HeadshotOctober 17 | 7:30pm / Special Free Screening / West Coast Premiere
West Coast Premiere
The Mo Brothers return with the most insanely hyper-violent film of the year with THE RAID’s Iko Uwais gleefully snapping bones and shattering minds in the process.
Beyond a shadow of a doubt, HEADSHOT is the single most violent film of 2016. Courtesy of the Mo Brothers, the Indonesian power duo behind KILLERS and MACABRE, they have created an all out physical assault that needs to be seen to be believed. Complete with super human action-God Iko Uwais (THE RAID, THE RAID 2) leading the charge, HEADSHOT immediately installs itself into a canon of cinema that simply doesn’t understand the laws of excess. For two breathless hours every imaginable form of sweet, sweet violence is committed and it is nothing short of fucking glorious.
Much like its countrymen and fellow instant-Action-classics THE RAID and THE RAID 2, HEADSHOT wastes no time in setting the stage as the film opens with the most thoroughly insane prison break we’ve ever seen as a seemingly endless stream of bodies are shot, stabbed, hacked and smashed in a sequence that will have you either applauding or running from the theater.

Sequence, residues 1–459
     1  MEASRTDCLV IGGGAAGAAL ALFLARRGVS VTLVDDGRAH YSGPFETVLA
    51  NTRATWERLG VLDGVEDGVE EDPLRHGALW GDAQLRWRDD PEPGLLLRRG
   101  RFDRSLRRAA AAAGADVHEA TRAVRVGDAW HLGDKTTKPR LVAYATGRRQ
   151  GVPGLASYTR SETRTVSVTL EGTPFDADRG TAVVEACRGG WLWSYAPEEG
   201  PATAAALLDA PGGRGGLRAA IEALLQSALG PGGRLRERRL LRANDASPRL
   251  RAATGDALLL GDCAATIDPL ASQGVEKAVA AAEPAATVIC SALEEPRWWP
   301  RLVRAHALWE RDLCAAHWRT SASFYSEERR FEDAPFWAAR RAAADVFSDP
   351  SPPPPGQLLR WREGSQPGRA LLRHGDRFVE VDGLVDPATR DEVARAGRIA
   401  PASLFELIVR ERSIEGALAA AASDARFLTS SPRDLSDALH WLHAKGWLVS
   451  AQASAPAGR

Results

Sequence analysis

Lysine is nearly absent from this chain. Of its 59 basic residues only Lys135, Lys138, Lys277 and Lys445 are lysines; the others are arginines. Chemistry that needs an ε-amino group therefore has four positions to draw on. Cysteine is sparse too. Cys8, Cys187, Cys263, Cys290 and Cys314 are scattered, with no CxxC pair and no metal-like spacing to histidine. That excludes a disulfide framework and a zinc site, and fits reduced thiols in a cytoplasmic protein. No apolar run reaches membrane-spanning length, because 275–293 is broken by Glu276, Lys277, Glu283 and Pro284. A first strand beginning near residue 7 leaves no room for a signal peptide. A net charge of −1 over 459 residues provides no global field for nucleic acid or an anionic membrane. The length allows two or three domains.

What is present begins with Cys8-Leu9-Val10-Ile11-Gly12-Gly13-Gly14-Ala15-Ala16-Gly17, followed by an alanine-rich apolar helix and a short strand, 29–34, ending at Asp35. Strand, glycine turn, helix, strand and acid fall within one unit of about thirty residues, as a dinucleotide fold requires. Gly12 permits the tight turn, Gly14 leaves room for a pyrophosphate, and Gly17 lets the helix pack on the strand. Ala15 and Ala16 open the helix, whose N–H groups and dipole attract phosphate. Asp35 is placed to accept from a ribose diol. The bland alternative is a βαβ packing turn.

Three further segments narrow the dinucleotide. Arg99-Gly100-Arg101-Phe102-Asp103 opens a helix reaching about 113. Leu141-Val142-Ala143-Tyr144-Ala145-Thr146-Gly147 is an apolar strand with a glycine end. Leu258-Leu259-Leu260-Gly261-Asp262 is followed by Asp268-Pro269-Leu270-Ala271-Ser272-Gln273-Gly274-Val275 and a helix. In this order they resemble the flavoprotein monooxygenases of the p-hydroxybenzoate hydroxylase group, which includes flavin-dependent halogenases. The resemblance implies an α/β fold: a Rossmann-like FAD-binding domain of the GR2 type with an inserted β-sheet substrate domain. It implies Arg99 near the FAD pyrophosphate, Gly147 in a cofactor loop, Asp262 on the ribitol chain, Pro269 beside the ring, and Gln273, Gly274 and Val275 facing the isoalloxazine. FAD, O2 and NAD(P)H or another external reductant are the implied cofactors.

As for the rest of the story, Uwais plays a young man who washes ashore, an amnesiac with a serious head injury whose violent past comes back to haunt him shortly after being nursed back to health by a young doctor. But you’re not really here for the narrative, you’re to see how Action cinema is being turned on its head.
In addition Uwais delivering another unbelievably stellar turn (how is he still alive?), HEADSHOT also brings us the welcome return of Julie Estelle – Hammer Girl from THE RAID 2. What she lacks in hammers on this turn she more than makes up for in two feminine fists of fury. Maintaining the impossibly high level of hyper violence, Uwais and his stunt team manage the fight choreography as they did on THE RAID 2, once again, the results are beyond spectacular.
The influence of Asian cinema has long been felt on Hollywood but in viewing the wild gratuity and anarchic precision of HEADSHOT you question if there’s any way it can keep up. That said, it doesn’t matter as Uwais is changing cinema in the same way Gordon Liu, Samo Hung and Jackie Chan did before him. All we can do is sit back, buckle up and enjoy the astonishing ride.
Special Thanks to XYZ Films
Director: The Mo Brothers (Kimo Stamboel, Timo Tjahjanto)
Runtime: 117 minutes
“Expect a serious amount of bloodletting and hardcore violence.” City on Fire